Home Remedies For Allergies

March 21, 2019 | Food Lion
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Fighting Allergies with Food

It seems like almost monthly there's more information coming out about food allergens. There are certain ingredients, like peanuts, shellfish, and gluten, that make their way to news broadcasts often. Other common food triggers include soy, fish, wheat, tree nuts, milk, eggs, and dairy products. Fortunately, most produce that you can buy is free from allergens. So, in addition to being extremely good for you, there's little concern about triggering food allergies when you eat fresh veggies. Food Lion is here to help you plan more meals around foods that won't activate allergies.

Throughout Food Lion's website, you can find recipes that'll help you create complete meals you and your family can enjoy, even if you have severe allergies. In addition, below are three recipes that you can make easily during the week that not only shouldn't trigger allergies but that also feature foods that can actually inhibit allergic reactions. Some of the highlights you can find on the site are Cauliflower Baked Ziti, which is another noodle-free dinner; Garlic Roasted Brussels Sprouts and Butternut Squash, which is a vegetable-heavy side dish that eats like a meal; and even desserts like Vegan Chocolate Avocado Dirt Pudding, which is both vegan-friendly and gluten-free.

Spaghetti Squash with Marinara Sauce

PREP TIME: 15 minutes COOK TIME: 4 hours TOTAL TIME: 4 hours, 15 minutes SERVES: 4

Spaghetti is a favorite for kids and adults alike, and most of the ingredients might already be in your pantry. One unusual ingredient you can find at Food Lion for this recipe is spaghetti squash, which is part of the winter squash family. When cooked through, this gourd's flesh scrapes into flavorful strands that resemble spaghetti noodles. Because there's no pasta, there's no gluten — and no inflammation or allergies. The sauce features healthy, allergy-free ingredients such as onion and bell pepper, which have quercetin — a known histamine inhibitor. The tomatoes provide lycopene, which is a heart-healthy nutrient that also has antioxidant properties.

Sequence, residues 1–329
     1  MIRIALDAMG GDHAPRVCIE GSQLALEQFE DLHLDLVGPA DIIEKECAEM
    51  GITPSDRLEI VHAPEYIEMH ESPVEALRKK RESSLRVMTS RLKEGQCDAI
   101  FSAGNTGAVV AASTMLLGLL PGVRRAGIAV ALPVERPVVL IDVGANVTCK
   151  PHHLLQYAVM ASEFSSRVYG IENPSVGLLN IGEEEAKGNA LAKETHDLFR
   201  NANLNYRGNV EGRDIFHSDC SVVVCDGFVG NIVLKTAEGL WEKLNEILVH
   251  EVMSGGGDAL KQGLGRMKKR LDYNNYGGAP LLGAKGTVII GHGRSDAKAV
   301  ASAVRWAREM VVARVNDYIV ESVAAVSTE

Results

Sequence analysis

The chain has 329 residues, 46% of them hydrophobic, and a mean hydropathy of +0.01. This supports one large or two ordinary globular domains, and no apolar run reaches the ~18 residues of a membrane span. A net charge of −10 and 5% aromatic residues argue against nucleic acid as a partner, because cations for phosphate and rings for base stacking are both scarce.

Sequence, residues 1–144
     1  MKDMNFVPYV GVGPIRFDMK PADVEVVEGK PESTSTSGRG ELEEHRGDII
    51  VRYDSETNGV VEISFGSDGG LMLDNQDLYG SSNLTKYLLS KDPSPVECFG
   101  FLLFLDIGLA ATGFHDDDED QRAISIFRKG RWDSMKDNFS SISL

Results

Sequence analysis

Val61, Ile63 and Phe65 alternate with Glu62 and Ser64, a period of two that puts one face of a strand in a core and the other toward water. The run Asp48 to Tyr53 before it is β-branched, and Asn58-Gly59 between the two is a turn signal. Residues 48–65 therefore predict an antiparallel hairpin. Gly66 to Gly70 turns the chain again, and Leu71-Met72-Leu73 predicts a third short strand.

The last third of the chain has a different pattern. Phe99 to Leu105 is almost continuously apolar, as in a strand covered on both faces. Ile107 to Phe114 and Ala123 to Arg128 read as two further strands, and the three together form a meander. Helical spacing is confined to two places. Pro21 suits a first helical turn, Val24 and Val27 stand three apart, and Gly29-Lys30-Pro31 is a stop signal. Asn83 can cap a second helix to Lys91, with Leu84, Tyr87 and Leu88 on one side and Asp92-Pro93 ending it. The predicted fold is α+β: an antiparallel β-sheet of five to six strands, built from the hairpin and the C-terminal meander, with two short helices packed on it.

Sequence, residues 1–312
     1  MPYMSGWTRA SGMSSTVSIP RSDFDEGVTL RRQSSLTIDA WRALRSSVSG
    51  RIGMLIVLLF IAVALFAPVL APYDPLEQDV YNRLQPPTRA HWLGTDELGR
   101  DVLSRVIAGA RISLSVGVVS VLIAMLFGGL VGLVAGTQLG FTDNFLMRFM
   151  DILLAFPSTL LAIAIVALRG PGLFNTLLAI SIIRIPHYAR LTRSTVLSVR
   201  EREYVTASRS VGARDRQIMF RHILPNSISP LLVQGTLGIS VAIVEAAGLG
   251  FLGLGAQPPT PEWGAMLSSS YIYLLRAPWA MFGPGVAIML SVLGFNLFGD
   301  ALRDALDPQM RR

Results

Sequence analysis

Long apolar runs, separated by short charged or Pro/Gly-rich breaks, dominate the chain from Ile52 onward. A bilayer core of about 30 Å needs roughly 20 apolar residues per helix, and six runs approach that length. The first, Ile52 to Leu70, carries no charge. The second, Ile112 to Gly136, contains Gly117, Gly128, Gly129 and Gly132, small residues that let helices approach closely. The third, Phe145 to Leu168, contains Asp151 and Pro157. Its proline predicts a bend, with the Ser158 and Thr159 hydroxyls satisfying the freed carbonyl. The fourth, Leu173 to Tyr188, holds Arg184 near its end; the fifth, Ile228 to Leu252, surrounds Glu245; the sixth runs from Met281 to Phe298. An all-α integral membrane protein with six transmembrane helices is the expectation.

For the spaghetti squash:

  • 1 4-pound spaghetti squash
  • 2 tablespoons olive oil
  • Salt, to taste
  • Ground black pepper, to taste

For the marinara sauce:

  • 2 cups crushed tomatoes, canned
  • 2 cups diced tomatoes, canned
  • 1 tablespoon olive oil
  • 1 medium-sized sweet onion, peeled and diced
  • 1 large red bell pepper, cored and diced
  • 1/4 cup garlic, peeled and minced
  • 2 tablespoons oregano, dried
  • 2 tablespoons sweet basil, dried
  • 2 bay leaves
  • 1 teaspoon salt
  • 1 teaspoon ground black pepper


  1. In a large slow cooker, add the tomatoes and tomato sauce. Set the cooker to high.
  2. In a large skillet, heat the olive oil over medium heat. Add the onions and bell pepper. Sauté until the onions are translucent, about 10 minutes. Add the garlic and sauté for about two minutes. Drain and add these to the slow cooker.
  3. Add the oregano, basil, bay leaves, salt, and black pepper. Blend well.
  4. Simmer your sauce in the slow cooker for about four hours. Remove the bay leaves before serving.
  5. During the last hour for the sauce, prepare the spaghetti squash.
  6. Preheat the oven to 400 degrees Fahrenheit.
  7. Slice the squash in half lengthwise carefully, using a sharp knife.
  8. Scrape the inside of the squash with a spoon to remove the seeds. Discard the seeds or reserve them to roast later on with oil and salt.
  9. Rub the inside of each half of the squash with olive oil. Season with salt and black pepper and place the squash cut-side down on an aluminum foil-lined baking sheet.
  10. Roast the squash for at least 40 minutes, turning the squash sections halfway through cooking.
  11. Remove the squash from the oven and allow it to cool. Use a fork to remove the flesh from the squash. Reserve the squash strands in a bowl.